He says that the sportsbook is the most complicated vertical you can have. Operators may want to internalise as much as possible, but it is not a short-term race.

It would take a lot of investment, iteration, challenges and a lot of hard work to build a sportsbook for an operator. The buy versus build debate is something that requires true in-depth consideration because several major players have tried to build their own solution and failed.

What is the meaning of it?

What is it that owning your own technology means?

In a period where some of its most high-profile clients have announced plans to migrate to in-house solutions, Kambi appears to have thought deeply about that question.

The question of in-house versus outsourcing is a false dichotomy to the supplier. Every operator will outsourcing certain aspects of their sportsbook, even if they choose to handle a much larger portion of it internally.

“We are not aware of a single operator that does everything in-house.”

The supplier believes the question is more of a sliding scale than one with a yes or no answer.

The market should be asking what extent operators should outsourcing their sportsbook, according to Noah de Villiers of Kambi.

Peter Heneghan is a senior associate at the venture capital fund Bettor Capital.

He says that there are some things that will be in-sourced. PAM and trading are popular things to build in-house.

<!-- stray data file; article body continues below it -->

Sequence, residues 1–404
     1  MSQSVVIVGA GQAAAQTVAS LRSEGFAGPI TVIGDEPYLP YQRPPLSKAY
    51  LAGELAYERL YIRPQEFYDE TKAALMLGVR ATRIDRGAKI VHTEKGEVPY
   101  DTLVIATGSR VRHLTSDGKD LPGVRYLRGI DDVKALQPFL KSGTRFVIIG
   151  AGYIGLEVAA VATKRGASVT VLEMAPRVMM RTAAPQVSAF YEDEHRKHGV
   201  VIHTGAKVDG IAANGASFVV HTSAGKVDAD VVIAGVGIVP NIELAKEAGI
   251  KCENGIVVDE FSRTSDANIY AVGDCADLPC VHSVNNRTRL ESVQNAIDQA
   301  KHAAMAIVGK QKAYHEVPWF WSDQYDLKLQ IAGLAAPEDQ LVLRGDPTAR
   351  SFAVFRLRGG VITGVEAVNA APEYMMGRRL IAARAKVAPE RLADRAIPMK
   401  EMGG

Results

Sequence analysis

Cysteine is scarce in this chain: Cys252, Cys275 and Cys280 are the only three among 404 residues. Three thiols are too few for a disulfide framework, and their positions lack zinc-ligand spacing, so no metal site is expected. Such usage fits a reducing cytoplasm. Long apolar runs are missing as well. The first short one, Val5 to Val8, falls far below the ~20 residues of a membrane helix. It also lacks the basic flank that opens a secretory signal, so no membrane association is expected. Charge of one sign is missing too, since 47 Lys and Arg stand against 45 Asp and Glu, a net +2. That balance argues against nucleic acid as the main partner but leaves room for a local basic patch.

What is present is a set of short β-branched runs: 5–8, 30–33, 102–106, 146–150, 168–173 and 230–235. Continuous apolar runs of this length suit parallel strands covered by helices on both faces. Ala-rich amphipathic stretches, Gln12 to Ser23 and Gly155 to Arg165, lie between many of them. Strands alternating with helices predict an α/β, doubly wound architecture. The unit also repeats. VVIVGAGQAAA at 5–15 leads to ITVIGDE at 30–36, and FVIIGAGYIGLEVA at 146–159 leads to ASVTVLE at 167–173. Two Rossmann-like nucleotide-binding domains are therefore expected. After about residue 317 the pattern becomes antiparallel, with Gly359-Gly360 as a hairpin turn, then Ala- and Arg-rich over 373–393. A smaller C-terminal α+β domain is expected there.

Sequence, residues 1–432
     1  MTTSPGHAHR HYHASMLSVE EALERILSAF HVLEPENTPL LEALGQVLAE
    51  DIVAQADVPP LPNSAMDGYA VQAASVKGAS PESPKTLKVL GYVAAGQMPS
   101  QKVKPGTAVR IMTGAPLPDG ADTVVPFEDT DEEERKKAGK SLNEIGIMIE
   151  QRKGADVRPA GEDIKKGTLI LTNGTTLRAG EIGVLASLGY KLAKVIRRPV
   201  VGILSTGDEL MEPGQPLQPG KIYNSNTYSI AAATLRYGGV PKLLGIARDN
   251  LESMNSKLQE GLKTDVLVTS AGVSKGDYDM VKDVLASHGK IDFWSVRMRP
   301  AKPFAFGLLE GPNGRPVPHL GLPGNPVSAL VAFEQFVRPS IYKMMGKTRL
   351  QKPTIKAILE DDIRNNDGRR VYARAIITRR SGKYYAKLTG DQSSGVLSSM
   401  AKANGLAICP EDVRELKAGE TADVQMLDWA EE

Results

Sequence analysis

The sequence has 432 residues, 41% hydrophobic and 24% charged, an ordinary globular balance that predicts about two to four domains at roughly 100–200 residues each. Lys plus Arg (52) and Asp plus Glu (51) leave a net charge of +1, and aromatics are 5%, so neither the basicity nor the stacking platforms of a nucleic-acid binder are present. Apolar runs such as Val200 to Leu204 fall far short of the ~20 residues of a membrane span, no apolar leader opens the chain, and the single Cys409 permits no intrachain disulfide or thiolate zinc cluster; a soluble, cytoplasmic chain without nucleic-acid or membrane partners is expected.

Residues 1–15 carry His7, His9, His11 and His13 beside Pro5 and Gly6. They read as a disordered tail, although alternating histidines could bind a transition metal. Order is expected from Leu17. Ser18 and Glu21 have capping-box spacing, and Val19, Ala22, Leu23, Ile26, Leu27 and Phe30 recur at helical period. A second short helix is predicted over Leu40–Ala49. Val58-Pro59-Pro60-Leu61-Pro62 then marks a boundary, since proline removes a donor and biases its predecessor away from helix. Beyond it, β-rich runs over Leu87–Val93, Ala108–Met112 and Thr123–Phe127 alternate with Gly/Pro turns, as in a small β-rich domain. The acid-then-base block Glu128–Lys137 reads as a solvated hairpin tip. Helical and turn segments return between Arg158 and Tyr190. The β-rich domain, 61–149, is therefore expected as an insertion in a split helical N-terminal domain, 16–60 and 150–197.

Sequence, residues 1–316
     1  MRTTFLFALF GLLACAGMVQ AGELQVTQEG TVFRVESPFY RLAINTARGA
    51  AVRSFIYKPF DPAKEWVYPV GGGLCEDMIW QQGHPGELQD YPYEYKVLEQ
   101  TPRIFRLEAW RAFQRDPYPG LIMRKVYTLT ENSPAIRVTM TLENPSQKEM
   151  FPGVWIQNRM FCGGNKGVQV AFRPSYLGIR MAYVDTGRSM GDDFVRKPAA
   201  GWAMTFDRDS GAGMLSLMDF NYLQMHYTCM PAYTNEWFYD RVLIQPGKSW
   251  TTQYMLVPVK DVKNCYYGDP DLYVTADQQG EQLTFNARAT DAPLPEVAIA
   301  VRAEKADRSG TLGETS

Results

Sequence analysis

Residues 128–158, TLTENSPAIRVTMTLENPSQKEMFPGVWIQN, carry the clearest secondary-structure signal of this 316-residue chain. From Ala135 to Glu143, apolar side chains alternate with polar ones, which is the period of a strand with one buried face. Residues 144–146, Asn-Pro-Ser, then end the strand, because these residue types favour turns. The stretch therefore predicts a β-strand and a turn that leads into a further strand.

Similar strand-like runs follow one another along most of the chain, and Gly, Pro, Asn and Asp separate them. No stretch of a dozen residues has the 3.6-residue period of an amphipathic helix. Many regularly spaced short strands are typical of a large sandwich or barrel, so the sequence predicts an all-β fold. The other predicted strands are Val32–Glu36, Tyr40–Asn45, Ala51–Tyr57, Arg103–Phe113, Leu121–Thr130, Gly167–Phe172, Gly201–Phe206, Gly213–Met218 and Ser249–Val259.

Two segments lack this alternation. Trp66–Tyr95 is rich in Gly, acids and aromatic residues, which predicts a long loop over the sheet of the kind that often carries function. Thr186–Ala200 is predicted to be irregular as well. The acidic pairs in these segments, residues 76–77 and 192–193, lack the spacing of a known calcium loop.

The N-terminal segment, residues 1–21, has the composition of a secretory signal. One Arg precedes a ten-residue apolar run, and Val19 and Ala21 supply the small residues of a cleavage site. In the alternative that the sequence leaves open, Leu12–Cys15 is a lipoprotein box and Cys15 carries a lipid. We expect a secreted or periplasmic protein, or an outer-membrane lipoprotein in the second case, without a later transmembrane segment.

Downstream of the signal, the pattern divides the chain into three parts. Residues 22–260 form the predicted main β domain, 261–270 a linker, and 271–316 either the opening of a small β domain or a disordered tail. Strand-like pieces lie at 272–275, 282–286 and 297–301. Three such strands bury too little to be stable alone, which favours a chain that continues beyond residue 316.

It doesn’t make sense to build out a geolocation platform, others likely will never be insourced. Other examples include payments, marketing tech functions, and speciality products. People might be interested in owning their own trading team, but for live player props they are still using Swish Analytics, or a live trading solution.

Whether in-house alternatives exist plays a part in evaluating businesses, but it is not the only factor, according to Heneghan.

He says that part of the evaluation of any investment is looking at how easy it will be to bring something in-house. Even though something can be brought in-house, it doesn’t preclude us from looking at a third-party competitor if we believe that the product is strong.

What is the best way to find an equilibrium?

It is easy to see that in-house technology is the domain of larger businesses. Bet365 has long been the gold standard for home-cooked sportsbooks, and many of the evangelists of the approach come from publicly listed operators.

If the matter reaches an equilibrium, one could imagine large-scale global businesses building or acquiring in-house tech, while sportsbook suppliers pursue deals with the next tier of operators.

The market has not completely shaken out that way. Some mid-sized operators have found that working with their own technology makes more sense than using outsourcing technology for some of their brands.

If an operator wants to break through in an established market, they need to differentiate themselves.